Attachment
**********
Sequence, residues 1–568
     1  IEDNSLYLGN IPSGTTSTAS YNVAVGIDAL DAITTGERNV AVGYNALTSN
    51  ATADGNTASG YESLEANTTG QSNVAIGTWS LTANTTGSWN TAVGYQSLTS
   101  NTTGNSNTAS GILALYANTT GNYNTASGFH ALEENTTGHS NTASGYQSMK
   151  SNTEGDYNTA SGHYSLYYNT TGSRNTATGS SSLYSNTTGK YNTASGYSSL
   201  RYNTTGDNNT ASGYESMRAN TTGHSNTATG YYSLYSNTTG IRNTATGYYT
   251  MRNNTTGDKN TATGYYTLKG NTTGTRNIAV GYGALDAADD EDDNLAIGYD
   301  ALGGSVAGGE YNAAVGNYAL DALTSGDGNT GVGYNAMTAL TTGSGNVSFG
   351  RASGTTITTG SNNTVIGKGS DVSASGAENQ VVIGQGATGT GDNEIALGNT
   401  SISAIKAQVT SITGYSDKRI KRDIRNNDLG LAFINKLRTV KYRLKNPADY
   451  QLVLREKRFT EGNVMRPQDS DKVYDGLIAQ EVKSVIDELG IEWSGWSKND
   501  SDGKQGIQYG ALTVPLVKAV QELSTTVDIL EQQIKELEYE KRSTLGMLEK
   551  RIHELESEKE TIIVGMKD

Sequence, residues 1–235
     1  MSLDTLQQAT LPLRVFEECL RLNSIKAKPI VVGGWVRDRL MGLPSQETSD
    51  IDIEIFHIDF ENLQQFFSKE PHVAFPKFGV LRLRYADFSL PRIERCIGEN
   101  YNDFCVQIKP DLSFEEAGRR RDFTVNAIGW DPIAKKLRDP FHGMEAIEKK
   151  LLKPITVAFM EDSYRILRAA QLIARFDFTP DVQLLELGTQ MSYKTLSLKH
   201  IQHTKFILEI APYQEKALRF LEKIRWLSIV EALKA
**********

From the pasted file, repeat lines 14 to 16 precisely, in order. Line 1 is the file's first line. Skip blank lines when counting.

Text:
Sequence, residues 1–235
     1  MSLDTLQQAT LPLRVFEECL RLNSIKAKPI VVGGWVRDRL MGLPSQETSD
    51  IDIEIFHIDF ENLQQFFSKE PHVAFPKFGV LRLRYADFSL PRIERCIGEN